The Perspicacious Michel de Montaigne

For a long time now, I have been acquainted with the essays of Michel de Montaigne.  In college, one of my professors, the learned and affable Justin A. Jackson of Hillsdale College, included a few of this man’s essays in the second semester of the Great Books prerequisite.  Professor Jackson considered him to be the first truly modern author–if memory serves me right.  (If memory has played me false, I tender my apologies to the astute professor.)  The reason was Montaigne’s preoccupation with the self or rather himself, which created essays of a highly personal nature.  Rather than establish himself as an authority, he writes these essays merely to put forth his subjective opinion.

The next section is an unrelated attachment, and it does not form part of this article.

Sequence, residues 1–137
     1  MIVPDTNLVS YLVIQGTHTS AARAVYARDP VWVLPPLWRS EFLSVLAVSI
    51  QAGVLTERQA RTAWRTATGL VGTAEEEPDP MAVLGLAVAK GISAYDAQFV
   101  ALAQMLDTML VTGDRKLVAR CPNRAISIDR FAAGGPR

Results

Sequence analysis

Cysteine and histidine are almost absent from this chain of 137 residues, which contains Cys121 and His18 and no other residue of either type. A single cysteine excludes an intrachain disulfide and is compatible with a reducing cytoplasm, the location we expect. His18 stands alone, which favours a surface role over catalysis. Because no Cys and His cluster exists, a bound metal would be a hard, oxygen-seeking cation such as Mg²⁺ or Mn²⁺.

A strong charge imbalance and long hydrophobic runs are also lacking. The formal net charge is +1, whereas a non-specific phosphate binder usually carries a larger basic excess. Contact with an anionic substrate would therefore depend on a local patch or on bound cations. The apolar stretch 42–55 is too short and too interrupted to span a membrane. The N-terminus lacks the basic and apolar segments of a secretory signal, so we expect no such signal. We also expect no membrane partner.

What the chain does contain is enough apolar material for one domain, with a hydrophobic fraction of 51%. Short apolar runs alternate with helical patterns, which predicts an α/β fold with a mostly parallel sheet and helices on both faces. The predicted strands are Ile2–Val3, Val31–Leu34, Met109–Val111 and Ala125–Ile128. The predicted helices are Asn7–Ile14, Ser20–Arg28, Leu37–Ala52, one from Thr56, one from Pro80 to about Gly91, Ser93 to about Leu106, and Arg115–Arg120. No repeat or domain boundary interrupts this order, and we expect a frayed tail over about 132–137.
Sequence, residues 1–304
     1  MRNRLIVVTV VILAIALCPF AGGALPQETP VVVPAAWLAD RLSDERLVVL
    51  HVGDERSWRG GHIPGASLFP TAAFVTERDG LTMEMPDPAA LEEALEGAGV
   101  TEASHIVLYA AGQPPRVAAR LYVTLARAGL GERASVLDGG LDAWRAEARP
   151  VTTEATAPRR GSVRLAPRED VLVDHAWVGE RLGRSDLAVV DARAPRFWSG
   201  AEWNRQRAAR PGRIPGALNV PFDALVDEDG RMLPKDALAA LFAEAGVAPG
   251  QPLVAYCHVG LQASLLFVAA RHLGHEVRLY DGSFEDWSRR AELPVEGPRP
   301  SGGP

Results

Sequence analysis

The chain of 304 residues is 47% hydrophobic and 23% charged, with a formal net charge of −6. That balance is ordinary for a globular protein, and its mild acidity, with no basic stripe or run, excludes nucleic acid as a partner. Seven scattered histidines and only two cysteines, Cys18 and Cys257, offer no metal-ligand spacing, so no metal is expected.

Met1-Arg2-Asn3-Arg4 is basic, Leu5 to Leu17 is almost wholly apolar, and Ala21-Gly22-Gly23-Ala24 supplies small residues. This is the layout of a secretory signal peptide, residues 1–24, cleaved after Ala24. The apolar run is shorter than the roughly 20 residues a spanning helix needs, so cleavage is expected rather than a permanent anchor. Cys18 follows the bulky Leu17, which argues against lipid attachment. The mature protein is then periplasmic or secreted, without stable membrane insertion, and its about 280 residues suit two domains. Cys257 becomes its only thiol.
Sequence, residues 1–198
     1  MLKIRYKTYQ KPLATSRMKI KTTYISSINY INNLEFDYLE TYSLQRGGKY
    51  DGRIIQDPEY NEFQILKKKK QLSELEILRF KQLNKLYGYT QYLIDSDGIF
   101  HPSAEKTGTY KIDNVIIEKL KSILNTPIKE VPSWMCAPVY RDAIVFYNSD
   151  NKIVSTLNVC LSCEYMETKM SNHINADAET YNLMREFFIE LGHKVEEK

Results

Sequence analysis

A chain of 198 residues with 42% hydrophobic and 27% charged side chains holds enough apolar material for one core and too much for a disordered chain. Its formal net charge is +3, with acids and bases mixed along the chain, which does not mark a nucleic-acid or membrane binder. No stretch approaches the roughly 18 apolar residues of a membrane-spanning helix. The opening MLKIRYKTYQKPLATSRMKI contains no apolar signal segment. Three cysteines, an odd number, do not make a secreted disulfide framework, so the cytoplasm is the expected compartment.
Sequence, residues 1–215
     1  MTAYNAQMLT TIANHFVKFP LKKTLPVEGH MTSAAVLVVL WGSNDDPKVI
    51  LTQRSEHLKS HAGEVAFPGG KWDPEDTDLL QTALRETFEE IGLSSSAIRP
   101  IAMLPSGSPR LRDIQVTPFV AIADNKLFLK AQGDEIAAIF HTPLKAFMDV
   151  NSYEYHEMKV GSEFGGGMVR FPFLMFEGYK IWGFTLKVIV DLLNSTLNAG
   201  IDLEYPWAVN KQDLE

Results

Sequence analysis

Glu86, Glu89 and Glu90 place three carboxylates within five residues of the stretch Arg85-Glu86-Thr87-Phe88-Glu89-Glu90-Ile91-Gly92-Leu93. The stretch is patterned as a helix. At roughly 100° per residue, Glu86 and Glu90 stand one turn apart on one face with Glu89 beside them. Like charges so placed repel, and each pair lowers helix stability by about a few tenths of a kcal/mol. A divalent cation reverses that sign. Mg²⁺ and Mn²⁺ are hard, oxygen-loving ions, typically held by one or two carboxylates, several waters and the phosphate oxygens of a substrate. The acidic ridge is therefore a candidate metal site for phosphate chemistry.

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Yet, Montaigne’s ability to adduce an unlimited amount of examples upon the subject of the essay astounds the reader.  He has a mastery of the writers of Classical antiquity and a thorough knowledge of Medieval and Renaissance history in particular.  In this regard, reading him is very similar to reading the works of St. Francis de Sales, who can allude to many anecdotes and scenes in history to explain spiritual truths better.  Both men have the effect of making me wish that I had spent more time reading and less playing video games.  It must have been a great help to Montaigne to have had his father teach him Latin as his first language rather than French!  I rather wonder what effect it might have on a child to have Cicero, Virgil, and Julius Caesar as more accessible than the Berenstain Bears or similar children’s literature!

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